Commentary: Following Jesus is more faith than feeling


I don’t always feel like following Jesus. So, am I supposed to fake the feeling?

When my present circumstances don’t look so good, and the news tells me the world’s a mess, am I faking it to keep a positive attitude and working toward positive goals?

Or am I declaring war on the dark side and all the negative voices trying to keep me down? The voices tell me: “Nothing can be done,” “It’s impossible,” “Don’t even try,” “The darkness has won.”

Following Jesus can feel like faking it, but it’s based on the truth of our new life in Christ.

Negative vs. positive

Negativity and fear are everywhere. They’re all around us. They’re on every newscaster’s lips. Fear is the coinage of the day. People live in a constant state of stress and fear, but I am determined to be positive in this negative, problem-filled world.

Some say it’s not realistic to focus on the positive when our present society seems like one big hellhole. It’s like sticking our heads in the sand and refusing to face the negative reality. But constantly reminding myself and others of every lousy, wrong thing in our lives and rubbing our noses in it won’t remedy anything.

I’m not hiding under my blankets, wishing when I wake up all will be well. I acknowledge the problems are here, and something needs to be done. But I’m making a positive declaration to focus on the positive and on solutions instead of all the negativity and problems.

Everyone has their own choices to make in life, but wouldn’t it be easier for people to choose to live positive, compassionate, victorious lives if they saw others—you and I—living above the stifling, suffocating negative smog as examples of the positive truths we say we believe?

The world is waiting for enthusiastic, positively charged true followers of Jesus to take the world’s stage and bring light to the darkened landscape.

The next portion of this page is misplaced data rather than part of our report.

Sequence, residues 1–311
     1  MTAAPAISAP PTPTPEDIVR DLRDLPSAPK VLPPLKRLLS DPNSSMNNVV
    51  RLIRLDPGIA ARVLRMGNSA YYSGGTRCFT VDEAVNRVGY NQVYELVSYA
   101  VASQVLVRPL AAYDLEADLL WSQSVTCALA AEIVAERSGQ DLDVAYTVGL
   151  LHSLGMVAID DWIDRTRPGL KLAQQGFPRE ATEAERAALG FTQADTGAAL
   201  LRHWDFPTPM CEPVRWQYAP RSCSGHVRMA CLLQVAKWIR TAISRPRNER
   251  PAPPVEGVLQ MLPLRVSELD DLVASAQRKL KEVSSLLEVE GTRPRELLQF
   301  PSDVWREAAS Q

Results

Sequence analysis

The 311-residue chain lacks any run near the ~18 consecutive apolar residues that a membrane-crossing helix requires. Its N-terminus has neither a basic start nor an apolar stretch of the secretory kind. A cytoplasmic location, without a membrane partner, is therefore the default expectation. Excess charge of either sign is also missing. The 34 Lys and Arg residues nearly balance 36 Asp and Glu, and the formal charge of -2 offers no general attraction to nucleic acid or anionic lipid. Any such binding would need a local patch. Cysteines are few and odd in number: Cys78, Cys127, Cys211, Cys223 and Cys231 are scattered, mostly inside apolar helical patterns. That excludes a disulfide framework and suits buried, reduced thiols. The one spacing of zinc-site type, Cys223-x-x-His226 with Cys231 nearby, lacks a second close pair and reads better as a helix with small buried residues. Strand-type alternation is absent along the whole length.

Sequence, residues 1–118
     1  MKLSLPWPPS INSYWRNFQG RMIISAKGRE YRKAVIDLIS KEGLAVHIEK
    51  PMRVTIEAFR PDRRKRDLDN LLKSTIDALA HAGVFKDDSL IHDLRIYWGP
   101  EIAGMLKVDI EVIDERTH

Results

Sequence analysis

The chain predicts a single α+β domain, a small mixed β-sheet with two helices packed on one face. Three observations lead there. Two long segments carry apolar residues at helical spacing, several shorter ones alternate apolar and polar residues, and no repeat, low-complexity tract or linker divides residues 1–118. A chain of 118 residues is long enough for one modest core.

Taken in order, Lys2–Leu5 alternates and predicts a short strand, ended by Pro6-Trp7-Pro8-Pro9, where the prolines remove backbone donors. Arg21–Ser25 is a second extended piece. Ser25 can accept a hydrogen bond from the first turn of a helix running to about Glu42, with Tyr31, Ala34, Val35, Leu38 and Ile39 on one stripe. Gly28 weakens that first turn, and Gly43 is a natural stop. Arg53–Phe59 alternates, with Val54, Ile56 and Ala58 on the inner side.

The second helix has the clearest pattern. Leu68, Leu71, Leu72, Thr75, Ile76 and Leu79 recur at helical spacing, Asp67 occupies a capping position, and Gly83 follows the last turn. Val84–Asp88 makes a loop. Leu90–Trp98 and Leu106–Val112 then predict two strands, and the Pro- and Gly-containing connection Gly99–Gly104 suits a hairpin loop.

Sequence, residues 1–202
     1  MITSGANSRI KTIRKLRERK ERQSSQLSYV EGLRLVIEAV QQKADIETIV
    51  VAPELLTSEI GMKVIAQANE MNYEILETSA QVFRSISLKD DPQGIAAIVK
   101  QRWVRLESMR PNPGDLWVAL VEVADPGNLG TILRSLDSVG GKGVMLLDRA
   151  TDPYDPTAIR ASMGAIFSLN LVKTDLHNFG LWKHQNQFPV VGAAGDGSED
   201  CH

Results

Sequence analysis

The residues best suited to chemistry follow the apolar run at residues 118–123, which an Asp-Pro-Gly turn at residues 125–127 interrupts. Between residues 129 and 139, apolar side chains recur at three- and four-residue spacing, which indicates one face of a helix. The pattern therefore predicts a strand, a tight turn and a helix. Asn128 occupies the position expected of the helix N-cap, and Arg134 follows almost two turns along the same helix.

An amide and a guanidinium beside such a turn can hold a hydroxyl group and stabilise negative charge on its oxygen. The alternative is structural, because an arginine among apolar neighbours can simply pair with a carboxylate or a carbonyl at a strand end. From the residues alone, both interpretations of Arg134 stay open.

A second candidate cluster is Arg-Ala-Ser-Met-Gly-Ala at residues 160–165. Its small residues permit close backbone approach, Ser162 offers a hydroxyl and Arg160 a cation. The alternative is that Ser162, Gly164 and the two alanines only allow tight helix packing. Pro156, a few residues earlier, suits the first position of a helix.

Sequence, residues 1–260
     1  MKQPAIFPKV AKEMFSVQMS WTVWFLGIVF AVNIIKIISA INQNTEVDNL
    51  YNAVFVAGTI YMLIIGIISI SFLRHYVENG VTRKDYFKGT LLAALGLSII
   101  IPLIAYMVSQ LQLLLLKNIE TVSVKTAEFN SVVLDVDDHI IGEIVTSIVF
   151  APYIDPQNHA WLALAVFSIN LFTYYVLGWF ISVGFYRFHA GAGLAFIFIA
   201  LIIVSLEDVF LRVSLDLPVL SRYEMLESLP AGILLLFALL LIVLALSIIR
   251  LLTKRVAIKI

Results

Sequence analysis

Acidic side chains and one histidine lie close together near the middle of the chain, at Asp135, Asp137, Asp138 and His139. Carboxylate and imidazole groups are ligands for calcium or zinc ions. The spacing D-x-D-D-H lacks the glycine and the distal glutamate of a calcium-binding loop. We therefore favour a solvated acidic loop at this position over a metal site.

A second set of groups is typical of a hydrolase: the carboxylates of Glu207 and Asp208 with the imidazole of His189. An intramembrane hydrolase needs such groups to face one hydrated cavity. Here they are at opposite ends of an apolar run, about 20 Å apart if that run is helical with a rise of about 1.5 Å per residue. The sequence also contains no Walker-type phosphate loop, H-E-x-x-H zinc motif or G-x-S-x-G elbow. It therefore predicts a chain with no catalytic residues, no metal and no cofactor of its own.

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Calling vs. feeling

My calling, like yours, is to be an instrument of God’s love on Earth. That’s it. Everything we do should be to this end—to embody God’s Spirit on Earth as it is in heaven. God is calling us to be positive, because his Spirit is positive, life-giving, encouraging, uplifting, healing, joyful, loving and transformative.

But you think, “I’m a bummer, because I read all these wonderful words of Jesus, but I don’t feel like doing them.”

Maybe you don’t feel positive or loving. Maybe you feel like a hypocrite for doing things you don’t feel like doing. Jesus’ words are the true, real you God wants you to embody on Earth, even when you don’t feel like it.

Don’t you think Jesus had days when he didn’t feel 100 percent, when he was tired from walking or didn’t get enough sleep? Don’t you think even Jesus had times when his flesh didn’t feel like healing the multitudes, when he would rather have gone somewhere to rest?

Living by faith

Everything Jesus did—and everything we do to manifest his love—is by faith. We don’t have to feel anything.

We don’t have to feel compassion to be compassionate. We don’t have to feel like loving our mate to help wash the dishes or feel like helping our children with their homework to help them. We don’t have to feel faith to have faith. We don’t have to feel like doing what’s right to do it.

Every day, a great deal of the world’s work is done by people who don’t feel like doing it. It’s all by faith for us from now on. You praise and thank God by faith. You listen for his voice by faith. You pray by faith. You believe by faith.

We don’t measure what is true or false by how we feel. Our feelings and thoughts need to be brought into line with what Jesus taught, not the other way around.

Believing I am a new person in Christ is an act of pure faith, because often I don’t feel positive, loving or Christlike, but I step into the new me by faith that God’s promises are the new me I want to be.

Do you see it? Align yourself, your thoughts and actions with the new you—Christ in you, our hope of glory.

Robert Ritzenhein, after retiring from full-time missionary service, lives in Japan, organizing Christian programs for area rest homes, and is the yearly Santa at his city’s hospitals. The views expressed in this opinion article are those of the author.

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